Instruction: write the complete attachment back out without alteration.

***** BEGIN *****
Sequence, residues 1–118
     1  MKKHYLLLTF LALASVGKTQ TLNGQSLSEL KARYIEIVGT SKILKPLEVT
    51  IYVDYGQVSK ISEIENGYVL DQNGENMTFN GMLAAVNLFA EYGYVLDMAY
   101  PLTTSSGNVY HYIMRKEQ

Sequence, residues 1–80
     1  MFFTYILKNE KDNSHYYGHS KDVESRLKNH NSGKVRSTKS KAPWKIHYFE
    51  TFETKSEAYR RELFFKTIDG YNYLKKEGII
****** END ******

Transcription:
Sequence, residues 1–118
     1  MKKHYLLLTF LALASVGKTQ TLNGQSLSEL KARYIEIVGT SKILKPLEVT
    51  IYVDYGQVSK ISEIENGYVL DQNGENMTFN GMLAAVNLFA EYGYVLDMAY
   101  PLTTSSGNVY HYIMRKEQ

Sequence, residues 1–80
     1  MFFTYILKNE KDNSHYYGHS KDVESRLKNH NSGKVRSTKS KAPWKIHYFE
    51  TFETKSEAYR RELFFKTIDG YNYLKKEGII